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Clint Eastwood's American Sniper is more than blockbuster Hollywood hit; it's turning into a culturally significant one. Bill Maher feels differently.

Not one to ever mince his words, Maher voiced his displeasure to his panel of guests:

Hurt Locker made 17 million because it was a little ambiguous and thoughtful. [American Sniper] is just 'American hero! He's a psychopath patriot, and we love him.'”

“Psychopathic patriot.” One wonders if Maher feels that way about all U.S. soldiers.

After reading a small blurb from Chris Kyle's autobiography—where he calls specific Iraqi militants: “savages”— Maher then went on the offensive:

“Eisenhower once said 'I hate war as only a soldier who has lived it can.' I just don't see this guy in the same league as Eisenhower. If you're a Christian, 'I hate the damn savages' doesn't seem like a Christian thing to say.”

But, as panelist Bret Stephens, the deputy editorial page editor at the Wall Street Journal, notes, it sounds like something a PTSD sufferer—or war veteran—would say.

A Washington Post poll of Afghanistan and Iraq war veterans puts in perspective the very real struggles veterans face:

[While] many are thriving...  hundreds of thousands of others feel they have been left behind on an uncharted postwar landscape, fighting for benefits, struggling to land a job, wrestling with psychological demons unleashed by combat or coping with shattered families.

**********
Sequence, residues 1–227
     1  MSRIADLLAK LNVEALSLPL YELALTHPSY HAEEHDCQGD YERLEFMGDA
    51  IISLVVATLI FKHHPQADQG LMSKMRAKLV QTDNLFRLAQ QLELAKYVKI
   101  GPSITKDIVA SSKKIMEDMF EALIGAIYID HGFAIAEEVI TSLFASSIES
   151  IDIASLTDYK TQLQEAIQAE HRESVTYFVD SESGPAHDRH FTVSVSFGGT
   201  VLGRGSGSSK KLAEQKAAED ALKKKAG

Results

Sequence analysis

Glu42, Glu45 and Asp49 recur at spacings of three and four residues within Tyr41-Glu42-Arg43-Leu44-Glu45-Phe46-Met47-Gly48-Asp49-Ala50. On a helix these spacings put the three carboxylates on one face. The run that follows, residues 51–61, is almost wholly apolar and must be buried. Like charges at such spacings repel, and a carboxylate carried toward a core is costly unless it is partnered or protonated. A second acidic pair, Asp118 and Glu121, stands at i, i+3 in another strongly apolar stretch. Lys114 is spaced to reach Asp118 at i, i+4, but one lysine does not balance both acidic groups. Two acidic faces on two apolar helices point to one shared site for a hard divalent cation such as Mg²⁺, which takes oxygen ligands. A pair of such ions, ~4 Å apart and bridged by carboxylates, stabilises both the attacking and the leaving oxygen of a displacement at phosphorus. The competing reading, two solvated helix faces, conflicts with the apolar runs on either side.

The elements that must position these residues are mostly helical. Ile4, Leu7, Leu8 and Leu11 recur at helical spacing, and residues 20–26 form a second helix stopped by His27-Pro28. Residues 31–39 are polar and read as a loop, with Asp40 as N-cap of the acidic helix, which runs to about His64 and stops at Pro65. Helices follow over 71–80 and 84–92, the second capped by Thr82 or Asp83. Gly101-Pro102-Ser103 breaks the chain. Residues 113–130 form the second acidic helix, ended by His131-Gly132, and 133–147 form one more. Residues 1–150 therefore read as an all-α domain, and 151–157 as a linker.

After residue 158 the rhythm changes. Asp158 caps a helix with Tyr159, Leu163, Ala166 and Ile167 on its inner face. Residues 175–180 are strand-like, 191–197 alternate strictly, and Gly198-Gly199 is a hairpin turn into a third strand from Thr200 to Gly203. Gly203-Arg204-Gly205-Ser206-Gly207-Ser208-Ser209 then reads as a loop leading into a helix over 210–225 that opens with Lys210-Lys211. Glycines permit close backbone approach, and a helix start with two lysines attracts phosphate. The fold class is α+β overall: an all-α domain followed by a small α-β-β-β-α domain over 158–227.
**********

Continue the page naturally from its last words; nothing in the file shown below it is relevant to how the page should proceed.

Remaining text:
These are real demons. Real struggles. Real issues. And while Maher may be overanalyzing one small quote instead of contextualizing that point with the bigger points of Kyle's book, this isn't the first time he's failed to do so.

On Twitter, the response has been strong:

The effects of war are significant, both on landscape and on the human psyche. Maher is entitled to his oppositional opinion on American Sniper. But it's his decision to call a military veteran a “psychopathic patriot” that seemed most troubling to those who responded on Twitter.

Maher isn't the first to criticize the movie, or the American heroes it represents. But not everyone agrees with him. Pro-military supporters find the backlash against American Sniper more than just a film critique, but a sign of deeper disrespect for Americans in uniform.

[Note: This article was edited after publication.]